The Supreme Court was clear. I think Bill C-51 and our updates to the Criminal Code send a very clear message. There is no test to be performed. It is a bright line. Everyone, all Canadians, need to show respect and a commitment to consent in the context of sexual assault cases. It is basic respect. We are in the era of the #MeToo movement and discussions about unsafe workplaces. All these things have been positive in making sure that one has a positive obligation, with respect to one's relations with someone else, to make sure that there is always consent present. I think that is clear.
I am also glad that a number of speakers from several parties have referenced Bill C-337, the bill of the former interim Conservative leader, Rona Ambrose, on judicial training in the context of sexual assault trials. The bench comprises a cross-section of society, and those attitudes need education to make sure that judicial standards adhere to the expectations we have as a society of respecting consent.
We know, in Ms. Ambrose's home province of Alberta, the case of Justice Camp, where attitudes toward a victim by the bench showed just how disconnected some may be. The vast majority of the bench would be explicitly mindful of the complainant in those cases, but we have seen cases in recent years that show that judicial training with respect to consent, in the context of sexual assault trials, is needed, as is education for all members of the bar.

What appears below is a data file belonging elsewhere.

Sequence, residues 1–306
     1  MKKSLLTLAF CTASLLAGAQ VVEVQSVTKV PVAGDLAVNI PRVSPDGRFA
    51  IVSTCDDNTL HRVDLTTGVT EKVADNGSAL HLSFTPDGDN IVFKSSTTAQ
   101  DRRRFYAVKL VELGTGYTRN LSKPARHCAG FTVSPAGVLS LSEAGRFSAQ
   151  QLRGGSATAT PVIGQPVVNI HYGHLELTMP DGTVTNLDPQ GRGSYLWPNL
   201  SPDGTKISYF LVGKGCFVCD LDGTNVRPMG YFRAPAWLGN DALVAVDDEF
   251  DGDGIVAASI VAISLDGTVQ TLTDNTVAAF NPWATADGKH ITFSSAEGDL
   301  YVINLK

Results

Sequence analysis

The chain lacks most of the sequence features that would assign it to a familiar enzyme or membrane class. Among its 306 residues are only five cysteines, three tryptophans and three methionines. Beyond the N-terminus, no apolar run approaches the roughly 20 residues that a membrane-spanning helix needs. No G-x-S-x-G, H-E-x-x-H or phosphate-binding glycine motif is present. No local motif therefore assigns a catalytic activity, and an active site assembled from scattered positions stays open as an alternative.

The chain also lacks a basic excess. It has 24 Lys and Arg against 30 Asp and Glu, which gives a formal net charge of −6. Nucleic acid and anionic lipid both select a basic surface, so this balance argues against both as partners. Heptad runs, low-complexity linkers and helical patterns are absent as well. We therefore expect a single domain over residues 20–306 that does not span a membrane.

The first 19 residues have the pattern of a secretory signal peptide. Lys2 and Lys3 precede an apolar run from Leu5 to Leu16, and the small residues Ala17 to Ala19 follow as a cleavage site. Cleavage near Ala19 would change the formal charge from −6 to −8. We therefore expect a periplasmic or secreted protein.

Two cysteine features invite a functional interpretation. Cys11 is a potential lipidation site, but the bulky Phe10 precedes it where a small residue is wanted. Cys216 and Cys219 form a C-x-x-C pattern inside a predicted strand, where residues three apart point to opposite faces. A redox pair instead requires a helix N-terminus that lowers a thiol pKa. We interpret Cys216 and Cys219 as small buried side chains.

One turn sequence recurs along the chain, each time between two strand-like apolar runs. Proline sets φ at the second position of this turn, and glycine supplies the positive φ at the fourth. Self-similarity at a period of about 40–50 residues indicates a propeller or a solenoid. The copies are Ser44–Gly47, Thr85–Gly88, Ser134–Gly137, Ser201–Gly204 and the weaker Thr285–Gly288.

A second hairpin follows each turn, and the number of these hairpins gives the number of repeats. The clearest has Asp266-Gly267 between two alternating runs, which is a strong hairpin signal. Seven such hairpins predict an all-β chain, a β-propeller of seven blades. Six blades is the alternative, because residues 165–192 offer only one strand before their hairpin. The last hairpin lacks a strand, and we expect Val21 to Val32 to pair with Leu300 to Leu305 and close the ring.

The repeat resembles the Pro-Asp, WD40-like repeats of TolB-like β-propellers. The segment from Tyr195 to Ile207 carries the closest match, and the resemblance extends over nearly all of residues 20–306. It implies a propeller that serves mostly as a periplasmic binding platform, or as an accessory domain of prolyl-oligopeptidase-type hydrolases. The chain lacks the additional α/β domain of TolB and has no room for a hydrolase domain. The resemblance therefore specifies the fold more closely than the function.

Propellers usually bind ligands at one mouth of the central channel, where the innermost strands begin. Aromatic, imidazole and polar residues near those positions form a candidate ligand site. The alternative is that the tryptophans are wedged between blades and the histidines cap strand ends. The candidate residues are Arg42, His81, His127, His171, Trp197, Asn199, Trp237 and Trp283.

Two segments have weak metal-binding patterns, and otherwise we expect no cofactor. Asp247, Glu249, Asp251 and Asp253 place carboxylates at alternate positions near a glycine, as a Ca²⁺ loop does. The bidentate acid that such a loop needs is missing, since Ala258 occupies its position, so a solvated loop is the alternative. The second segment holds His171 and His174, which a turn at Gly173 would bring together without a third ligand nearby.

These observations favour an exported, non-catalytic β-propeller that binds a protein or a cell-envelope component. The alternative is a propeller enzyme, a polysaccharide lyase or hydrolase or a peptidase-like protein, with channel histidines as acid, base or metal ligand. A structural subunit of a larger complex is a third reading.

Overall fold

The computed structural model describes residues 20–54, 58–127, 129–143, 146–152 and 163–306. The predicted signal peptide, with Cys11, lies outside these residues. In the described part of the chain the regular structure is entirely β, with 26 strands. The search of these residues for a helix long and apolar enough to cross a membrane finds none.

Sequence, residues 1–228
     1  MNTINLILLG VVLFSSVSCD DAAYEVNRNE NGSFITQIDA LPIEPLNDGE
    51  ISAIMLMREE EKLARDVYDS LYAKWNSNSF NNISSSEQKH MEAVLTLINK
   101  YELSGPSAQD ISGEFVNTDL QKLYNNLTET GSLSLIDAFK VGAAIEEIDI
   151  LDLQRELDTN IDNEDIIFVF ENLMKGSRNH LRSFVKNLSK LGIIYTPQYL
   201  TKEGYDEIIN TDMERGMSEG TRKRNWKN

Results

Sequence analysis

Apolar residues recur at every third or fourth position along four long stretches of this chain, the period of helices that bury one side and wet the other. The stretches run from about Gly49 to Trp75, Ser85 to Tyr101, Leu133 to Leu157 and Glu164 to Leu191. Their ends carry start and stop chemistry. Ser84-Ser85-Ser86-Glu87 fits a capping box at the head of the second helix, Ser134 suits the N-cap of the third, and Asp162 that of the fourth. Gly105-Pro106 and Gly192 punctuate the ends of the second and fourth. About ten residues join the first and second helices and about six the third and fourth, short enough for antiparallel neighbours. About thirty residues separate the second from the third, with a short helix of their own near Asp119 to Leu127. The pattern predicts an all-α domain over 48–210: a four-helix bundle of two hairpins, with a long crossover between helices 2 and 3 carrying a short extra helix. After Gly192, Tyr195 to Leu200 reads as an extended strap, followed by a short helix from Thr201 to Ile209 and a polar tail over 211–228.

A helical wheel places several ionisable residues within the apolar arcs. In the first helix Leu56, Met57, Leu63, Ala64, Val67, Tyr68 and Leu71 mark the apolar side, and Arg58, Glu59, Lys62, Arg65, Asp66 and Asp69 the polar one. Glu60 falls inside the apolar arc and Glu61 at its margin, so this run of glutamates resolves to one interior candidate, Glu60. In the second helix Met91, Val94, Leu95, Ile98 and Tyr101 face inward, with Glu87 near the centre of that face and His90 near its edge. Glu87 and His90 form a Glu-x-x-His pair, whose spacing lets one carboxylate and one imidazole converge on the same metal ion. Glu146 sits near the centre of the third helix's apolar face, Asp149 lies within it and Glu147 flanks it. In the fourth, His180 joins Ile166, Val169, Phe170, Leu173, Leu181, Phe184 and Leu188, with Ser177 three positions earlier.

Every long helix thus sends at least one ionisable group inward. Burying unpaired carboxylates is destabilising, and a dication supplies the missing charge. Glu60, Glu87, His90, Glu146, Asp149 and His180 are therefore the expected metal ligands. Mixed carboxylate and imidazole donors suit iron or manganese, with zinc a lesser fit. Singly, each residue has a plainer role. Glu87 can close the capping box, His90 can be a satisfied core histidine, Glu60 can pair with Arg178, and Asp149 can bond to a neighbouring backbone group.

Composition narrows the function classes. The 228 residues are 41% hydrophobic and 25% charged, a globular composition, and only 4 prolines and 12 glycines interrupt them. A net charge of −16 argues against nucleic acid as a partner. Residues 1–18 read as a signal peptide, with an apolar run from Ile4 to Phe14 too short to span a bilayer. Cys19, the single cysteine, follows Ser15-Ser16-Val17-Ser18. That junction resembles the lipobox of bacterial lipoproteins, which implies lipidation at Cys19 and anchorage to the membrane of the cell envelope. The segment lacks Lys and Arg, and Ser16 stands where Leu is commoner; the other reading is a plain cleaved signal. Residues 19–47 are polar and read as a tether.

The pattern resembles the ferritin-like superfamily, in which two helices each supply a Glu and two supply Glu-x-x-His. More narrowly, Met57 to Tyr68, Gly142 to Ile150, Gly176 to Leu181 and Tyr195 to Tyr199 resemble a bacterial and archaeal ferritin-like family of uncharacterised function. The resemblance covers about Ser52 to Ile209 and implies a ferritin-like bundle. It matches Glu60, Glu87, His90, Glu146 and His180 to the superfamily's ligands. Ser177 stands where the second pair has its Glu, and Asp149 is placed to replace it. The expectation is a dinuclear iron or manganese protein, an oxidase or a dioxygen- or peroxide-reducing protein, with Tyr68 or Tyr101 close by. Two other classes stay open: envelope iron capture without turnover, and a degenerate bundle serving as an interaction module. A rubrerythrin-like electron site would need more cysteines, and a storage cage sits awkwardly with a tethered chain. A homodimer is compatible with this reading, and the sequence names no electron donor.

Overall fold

As a member of the bar, I am glad that a few years ago, law societies across the country incorporated continuing legal education requirements for lawyers to make sure that they are aware of expectations with respect to consent and the law. The very fact that there would be some reluctance to have same continual legal education for judges in the context of sexual assault cases is troubling. I know that most justices demand that level of CLE, so I hope that the government, in the context of my starting off my speech by talking about some of the positive elements of Bill C-51, pushes Bill C-337 through. It should not matter that it came from a former Conservative member of Parliament, Rona Ambrose. It should not matter that it came from this side of the chamber if it addresses the same elements I am saying I support in Bill C-51 today. Let us hope there is some movement in the Senate so that in the spring, we can ensure that it is an expectation that all members of the bench have that training so they can guarantee an environment of respect for all complainants who come forward.
The provisions in proposed section 273.1 also show that Parliament is clear in its direction with respect to consent always being a requirement, and if there is any uncertainty, we err on the side of complainants. Everyone should know that if circumstances change, be they the context, consciousness, alcohol or these sort of things, prior consent is not sufficient. We have to be crystal clear on that.